JOURNALIST: Just quickly, when will work be finished by?

MELLISH: 2026 is the target, I’m advised, weather depending, but we’re really keen to get cracking and get this done as soon as we can. You’ll see the council works going on as well. We want to work in with Council to make sure we’re not disrupting people as much as – as little as possible, I suppose. But, yeah, really keen to get stuck into 2026.

JOURNALIST: And just on a slightly different topic, there’s some new housing stuff coming out today about more people on the waitlist for social housing. The minister is on leave at the moment, but from a government perspective, is that a concern to Ministers at the moment?

MELLISH: Sure, I’ve spoken to the Minister. I’m advised this data, this information, came out in November, and the Minister has announced many initiatives since then, particularly related to families. We’ve got a large investment – I think it’s $5 billion this budget – into social housing and affordable housing so we’re taking a lot of steps. This is an issue that’s affecting all governments across Australia and we’re taking action.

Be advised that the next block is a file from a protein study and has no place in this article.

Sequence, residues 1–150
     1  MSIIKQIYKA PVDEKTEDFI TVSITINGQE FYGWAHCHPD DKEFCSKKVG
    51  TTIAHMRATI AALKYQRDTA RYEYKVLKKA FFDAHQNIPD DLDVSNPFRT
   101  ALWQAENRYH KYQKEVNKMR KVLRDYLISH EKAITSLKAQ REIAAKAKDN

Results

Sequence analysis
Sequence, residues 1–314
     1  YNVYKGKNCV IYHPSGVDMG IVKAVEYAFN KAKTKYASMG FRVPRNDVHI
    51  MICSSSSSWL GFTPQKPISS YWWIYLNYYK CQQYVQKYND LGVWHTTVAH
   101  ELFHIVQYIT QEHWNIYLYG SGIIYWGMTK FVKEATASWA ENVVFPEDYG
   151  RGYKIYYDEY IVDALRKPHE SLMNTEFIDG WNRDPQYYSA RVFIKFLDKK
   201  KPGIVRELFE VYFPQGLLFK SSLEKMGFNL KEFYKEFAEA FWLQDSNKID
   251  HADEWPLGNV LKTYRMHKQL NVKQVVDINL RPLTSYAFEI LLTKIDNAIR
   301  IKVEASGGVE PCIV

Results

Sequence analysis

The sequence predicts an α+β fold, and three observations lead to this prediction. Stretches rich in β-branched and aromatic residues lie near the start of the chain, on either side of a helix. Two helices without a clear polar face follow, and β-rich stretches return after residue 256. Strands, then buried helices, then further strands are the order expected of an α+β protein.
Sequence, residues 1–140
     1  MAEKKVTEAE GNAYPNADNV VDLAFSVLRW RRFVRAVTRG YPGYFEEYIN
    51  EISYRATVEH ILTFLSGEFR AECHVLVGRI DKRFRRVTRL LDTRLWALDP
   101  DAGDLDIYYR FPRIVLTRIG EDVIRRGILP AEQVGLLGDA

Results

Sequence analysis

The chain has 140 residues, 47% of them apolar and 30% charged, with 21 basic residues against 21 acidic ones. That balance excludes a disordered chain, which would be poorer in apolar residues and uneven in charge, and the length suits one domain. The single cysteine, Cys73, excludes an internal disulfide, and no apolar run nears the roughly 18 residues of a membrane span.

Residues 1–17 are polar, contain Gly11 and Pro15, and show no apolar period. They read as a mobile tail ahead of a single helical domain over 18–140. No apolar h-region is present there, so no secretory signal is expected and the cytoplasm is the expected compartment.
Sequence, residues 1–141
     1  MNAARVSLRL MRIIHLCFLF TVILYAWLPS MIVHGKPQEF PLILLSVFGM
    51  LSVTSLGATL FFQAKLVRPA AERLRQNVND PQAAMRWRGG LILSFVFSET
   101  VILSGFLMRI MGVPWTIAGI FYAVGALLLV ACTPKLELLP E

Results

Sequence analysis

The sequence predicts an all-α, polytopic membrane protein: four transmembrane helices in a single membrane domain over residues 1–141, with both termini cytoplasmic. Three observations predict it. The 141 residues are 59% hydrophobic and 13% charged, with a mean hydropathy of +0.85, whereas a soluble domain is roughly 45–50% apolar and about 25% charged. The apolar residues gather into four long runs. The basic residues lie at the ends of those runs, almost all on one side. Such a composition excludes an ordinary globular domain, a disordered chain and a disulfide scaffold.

JOURNALIST: There’s another rail crossing down at Acacia Ridge, which is also in the sort of planning phase, which is short a couple of millions of dollars. Given that the three levels of government have done a pretty good job eventually in getting this project up and running, is the Acacia Ridge project at Boundary Road down there a possibility, do you think?